properly. Its two-strip Technicolor
needs some work here, but there are still some good shots and it had three
cameramen in Lee Garmes, Ray Rennahan and Gregg Toland. Kid
Millions has a pretty good black and white print (shot by DP Ray June) and
the finale in three-strip Technicolor (when you had to shoot three black and
whiter strips at the same time with different color filters versus Funny Girl, where yo9u take color film
and split it into those colors) (lensed by Rennahan as noted above) looks
DTS-HD MA (Master Audio) 5.0 lossless mix on Funny Girl is towards the front speakers and is an upgraded mix
further refined from its 2001 Dolby/DTS/SDDS theatrical sound reissue. From its 70mm blow-up prints, this was a film
originally designed for 6-track magnetic sound with traveling dialogue and
sound effects, but as was the case with the 2001 mix, the dialogue and other
sound is sometimes too much in the center channel as well except when the music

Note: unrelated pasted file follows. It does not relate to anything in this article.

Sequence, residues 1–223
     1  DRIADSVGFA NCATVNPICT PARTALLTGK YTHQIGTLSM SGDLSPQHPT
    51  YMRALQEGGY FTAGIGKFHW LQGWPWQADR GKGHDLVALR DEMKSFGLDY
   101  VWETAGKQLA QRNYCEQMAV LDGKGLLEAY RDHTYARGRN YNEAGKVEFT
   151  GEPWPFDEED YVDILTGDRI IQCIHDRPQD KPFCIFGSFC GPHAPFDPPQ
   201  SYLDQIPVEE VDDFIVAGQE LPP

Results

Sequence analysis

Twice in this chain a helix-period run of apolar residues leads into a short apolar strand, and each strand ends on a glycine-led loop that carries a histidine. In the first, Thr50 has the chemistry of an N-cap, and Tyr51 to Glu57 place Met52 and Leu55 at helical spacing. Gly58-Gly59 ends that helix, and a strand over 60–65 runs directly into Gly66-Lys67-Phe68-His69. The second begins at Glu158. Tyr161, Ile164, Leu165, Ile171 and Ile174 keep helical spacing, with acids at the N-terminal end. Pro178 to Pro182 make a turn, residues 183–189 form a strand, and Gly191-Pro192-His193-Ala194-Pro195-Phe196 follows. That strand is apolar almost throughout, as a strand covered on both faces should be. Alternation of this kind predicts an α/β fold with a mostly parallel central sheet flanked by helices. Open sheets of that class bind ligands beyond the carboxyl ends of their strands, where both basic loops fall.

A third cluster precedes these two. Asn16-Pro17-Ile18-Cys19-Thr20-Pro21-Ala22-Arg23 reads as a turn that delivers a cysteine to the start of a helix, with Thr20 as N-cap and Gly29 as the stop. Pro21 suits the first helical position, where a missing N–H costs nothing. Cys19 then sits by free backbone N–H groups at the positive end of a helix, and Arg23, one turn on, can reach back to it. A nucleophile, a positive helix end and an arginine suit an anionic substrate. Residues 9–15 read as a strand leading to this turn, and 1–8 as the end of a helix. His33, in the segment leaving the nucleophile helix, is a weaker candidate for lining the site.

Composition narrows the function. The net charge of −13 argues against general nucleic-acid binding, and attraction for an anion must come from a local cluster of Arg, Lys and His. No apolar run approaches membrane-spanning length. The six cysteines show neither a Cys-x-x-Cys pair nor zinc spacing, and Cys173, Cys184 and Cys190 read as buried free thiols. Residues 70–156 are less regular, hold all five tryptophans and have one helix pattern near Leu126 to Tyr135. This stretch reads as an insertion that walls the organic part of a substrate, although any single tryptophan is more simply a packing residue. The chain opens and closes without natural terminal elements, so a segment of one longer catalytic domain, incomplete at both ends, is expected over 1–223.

kicks in. The score was recorded
separately (Streisand hated lip-syncing and sings the final song live) from the
rest of the film, so like all musicals up to the 1980s (including Grease in 1978), the fidelity drops to
show the films age when a music number is not happening.
the music is the highlight and sounds great.
The lossless audio shows off just how good Streisand’s early singing was
(see more Streisand elsewhere on this site).
However, there are moments where the sound gets compressed and distorted
in parts and could not be corrected, but this is rare.
Dolby Digital 2.0 Mono on both Cantor films are on an even par, sounding good
for their age with the expected fidelity limits. Merman sounds best between the two films,
To order Whoopee and Kid Millions, go to this link for it and many more great
web-exclusive releases at: